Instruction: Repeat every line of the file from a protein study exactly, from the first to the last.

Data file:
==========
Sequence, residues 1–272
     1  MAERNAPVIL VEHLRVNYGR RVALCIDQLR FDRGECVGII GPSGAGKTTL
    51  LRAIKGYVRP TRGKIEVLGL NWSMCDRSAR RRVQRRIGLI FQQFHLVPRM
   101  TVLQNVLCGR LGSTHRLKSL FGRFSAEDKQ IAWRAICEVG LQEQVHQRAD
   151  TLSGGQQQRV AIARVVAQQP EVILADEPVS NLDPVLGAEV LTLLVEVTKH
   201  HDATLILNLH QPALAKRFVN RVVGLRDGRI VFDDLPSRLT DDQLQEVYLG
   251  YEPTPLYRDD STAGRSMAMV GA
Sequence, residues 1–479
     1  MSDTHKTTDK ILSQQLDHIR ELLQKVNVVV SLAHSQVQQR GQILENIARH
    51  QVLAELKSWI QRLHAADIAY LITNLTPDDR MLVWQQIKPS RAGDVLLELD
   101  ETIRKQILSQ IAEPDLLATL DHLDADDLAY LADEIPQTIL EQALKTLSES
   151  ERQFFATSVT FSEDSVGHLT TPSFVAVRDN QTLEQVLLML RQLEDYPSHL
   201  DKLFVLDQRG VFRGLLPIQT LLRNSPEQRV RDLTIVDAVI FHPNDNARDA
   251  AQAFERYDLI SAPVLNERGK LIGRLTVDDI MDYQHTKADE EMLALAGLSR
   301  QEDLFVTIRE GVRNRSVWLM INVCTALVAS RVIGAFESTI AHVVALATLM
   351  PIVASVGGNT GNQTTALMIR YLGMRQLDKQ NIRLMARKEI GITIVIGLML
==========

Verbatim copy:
Sequence, residues 1–272
     1  MAERNAPVIL VEHLRVNYGR RVALCIDQLR FDRGECVGII GPSGAGKTTL
    51  LRAIKGYVRP TRGKIEVLGL NWSMCDRSAR RRVQRRIGLI FQQFHLVPRM
   101  TVLQNVLCGR LGSTHRLKSL FGRFSAEDKQ IAWRAICEVG LQEQVHQRAD
   151  TLSGGQQQRV AIARVVAQQP EVILADEPVS NLDPVLGAEV LTLLVEVTKH
   201  HDATLILNLH QPALAKRFVN RVVGLRDGRI VFDDLPSRLT DDQLQEVYLG
   251  YEPTPLYRDD STAGRSMAMV GA
Sequence, residues 1–479
     1  MSDTHKTTDK ILSQQLDHIR ELLQKVNVVV SLAHSQVQQR GQILENIARH
    51  QVLAELKSWI QRLHAADIAY LITNLTPDDR MLVWQQIKPS RAGDVLLELD
   101  ETIRKQILSQ IAEPDLLATL DHLDADDLAY LADEIPQTIL EQALKTLSES
   151  ERQFFATSVT FSEDSVGHLT TPSFVAVRDN QTLEQVLLML RQLEDYPSHL
   201  DKLFVLDQRG VFRGLLPIQT LLRNSPEQRV RDLTIVDAVI FHPNDNARDA
   251  AQAFERYDLI SAPVLNERGK LIGRLTVDDI MDYQHTKADE EMLALAGLSR
   301  QEDLFVTIRE GVRNRSVWLM INVCTALVAS RVIGAFESTI AHVVALATLM
   351  PIVASVGGNT GNQTTALMIR YLGMRQLDKQ NIRLMARKEI GITIVIGLML